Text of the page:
Health Insurance International Health Care Systems Optimal Ins (Theory)

How to solve adverse selection problems in low-income markets

Adverse selection is a classic problem in health insurance. If you offer insurance to individuals, you may want to set the premiums based on the average price of the population you plan to cover. At this price, however, the sickest patients are the ones most likely to take up insurance and the health insurer’s expenses are likely to be higher than expected. This may result in an adverse selection death spiral. One alternative is to mandate that all individuals purchase health insurance, but government mandates are often unpopular and the level of coverage that is mandated also would have to be determined.

A paper by Fischer, Frölich, and Landmann (2023) aims to quantify the degree of adverse selection in hospital insurance plans for individuals in Pakistan. Pakistan has about 250 million individuals and annual per capita GDP is $5,200 (CIA World Factbook). To measure the amount of adverse selection, the authors collaborated with the National Rural Support Programme of Pakistan (NRSP) to offer different types of insurance to individuals across 83 different villages. Each village could be offered individual insurance (P1) with a 15,000 PKR out-of-pocket maximum or a more generous individual insurance (P2) with a 30,000 PDR out-of-pocket maximum. Other villages were assigned to household insurance (P3) where all individuals in the household are required to enroll in the insurance and a “Group policy” where >50% of a credit group or community organizations (COs) are required to enroll in the insurance. The table below summarizes these options.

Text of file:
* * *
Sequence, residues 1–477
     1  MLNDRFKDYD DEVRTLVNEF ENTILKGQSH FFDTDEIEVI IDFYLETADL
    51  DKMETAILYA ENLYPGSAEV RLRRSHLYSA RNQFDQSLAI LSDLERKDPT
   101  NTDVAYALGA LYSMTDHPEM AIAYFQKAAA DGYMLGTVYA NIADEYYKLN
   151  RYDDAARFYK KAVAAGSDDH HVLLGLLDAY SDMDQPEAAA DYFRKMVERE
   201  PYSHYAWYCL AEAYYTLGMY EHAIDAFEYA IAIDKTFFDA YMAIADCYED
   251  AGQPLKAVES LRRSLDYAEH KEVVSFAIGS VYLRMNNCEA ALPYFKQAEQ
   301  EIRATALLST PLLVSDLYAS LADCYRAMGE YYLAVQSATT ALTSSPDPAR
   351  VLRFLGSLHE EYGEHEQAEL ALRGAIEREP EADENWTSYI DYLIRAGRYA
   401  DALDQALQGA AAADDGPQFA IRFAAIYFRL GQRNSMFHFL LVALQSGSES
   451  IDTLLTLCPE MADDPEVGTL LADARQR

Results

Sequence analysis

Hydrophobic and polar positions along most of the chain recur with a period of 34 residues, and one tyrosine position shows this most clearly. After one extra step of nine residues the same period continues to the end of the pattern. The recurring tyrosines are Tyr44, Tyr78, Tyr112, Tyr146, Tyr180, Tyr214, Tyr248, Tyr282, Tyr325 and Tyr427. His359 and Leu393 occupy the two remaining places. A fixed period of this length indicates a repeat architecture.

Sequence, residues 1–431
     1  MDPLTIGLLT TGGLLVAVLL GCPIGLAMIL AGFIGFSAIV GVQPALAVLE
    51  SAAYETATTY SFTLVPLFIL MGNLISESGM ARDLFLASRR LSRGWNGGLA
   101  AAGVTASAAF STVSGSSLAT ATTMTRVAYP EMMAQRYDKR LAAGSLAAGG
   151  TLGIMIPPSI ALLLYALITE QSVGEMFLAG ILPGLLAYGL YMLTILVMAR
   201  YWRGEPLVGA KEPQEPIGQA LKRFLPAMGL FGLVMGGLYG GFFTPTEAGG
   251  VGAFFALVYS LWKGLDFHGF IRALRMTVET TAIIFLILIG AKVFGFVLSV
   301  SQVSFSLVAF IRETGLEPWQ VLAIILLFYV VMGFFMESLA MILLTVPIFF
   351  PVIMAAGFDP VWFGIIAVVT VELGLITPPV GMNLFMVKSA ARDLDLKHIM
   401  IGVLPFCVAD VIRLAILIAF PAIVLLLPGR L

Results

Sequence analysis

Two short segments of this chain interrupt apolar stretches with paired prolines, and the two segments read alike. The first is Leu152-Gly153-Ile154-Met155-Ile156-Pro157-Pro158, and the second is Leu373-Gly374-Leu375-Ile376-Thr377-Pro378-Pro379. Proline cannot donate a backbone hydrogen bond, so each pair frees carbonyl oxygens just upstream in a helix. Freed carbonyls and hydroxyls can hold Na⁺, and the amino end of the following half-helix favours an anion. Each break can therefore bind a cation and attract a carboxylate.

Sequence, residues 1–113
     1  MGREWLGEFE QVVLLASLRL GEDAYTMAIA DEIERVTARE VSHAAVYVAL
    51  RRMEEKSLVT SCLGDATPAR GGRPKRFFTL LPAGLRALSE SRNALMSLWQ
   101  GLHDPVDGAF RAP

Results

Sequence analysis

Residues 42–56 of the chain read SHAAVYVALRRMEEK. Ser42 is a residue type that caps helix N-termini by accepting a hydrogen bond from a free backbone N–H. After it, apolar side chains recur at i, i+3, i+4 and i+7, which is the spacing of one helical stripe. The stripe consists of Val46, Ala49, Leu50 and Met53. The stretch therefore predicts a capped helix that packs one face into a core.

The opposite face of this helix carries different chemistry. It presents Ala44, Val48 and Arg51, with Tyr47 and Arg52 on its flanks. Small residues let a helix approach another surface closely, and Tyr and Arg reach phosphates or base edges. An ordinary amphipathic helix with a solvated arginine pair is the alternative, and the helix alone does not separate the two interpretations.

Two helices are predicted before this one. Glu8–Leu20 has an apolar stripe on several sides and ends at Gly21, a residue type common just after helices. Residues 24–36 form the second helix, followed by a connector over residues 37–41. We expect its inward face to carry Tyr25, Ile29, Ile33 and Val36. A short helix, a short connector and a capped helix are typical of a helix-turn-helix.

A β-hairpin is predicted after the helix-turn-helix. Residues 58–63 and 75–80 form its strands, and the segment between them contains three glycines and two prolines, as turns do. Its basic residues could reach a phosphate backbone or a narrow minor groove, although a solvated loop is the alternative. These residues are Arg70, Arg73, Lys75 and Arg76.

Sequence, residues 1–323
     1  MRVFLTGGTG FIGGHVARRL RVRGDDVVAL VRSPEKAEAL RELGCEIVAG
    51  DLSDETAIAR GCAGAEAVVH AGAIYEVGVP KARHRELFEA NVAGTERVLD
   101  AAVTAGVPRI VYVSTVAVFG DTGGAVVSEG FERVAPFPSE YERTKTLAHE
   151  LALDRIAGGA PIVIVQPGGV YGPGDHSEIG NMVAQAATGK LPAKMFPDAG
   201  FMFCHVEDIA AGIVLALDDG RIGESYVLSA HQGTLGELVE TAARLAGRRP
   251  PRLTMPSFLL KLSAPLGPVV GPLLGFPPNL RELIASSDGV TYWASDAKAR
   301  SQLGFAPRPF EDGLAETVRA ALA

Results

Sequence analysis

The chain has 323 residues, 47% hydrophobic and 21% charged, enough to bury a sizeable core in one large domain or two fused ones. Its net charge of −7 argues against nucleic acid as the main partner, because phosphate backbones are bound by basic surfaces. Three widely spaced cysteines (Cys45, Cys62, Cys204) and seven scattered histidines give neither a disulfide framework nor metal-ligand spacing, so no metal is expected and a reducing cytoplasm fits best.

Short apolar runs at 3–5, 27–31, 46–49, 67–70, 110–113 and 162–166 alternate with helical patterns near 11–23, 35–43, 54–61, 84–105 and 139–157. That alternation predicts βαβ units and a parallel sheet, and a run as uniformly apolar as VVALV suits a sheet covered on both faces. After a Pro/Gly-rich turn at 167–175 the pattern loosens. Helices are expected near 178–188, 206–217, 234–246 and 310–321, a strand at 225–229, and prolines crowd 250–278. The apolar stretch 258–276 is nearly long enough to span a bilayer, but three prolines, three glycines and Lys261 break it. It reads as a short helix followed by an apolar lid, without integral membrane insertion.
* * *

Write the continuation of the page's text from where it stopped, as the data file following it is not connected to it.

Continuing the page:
Using this approach, the authors find that there was:

…substantial selection in individual policies, leading to welfare losses and the threat of a market breakdown. Bundling insurance policies at the household level or higher almost eliminates adverse selection, thus mitigating its welfare consequences and facilitating sustainable insurance supply

One can clearly see this result from the figure below. One important point to note is that average household size in the experiment was 5.99. Thus, it is unclear if adverse selection would be mitigated to the same degree in higher-income countries where household size is smaller.

The full article is available here.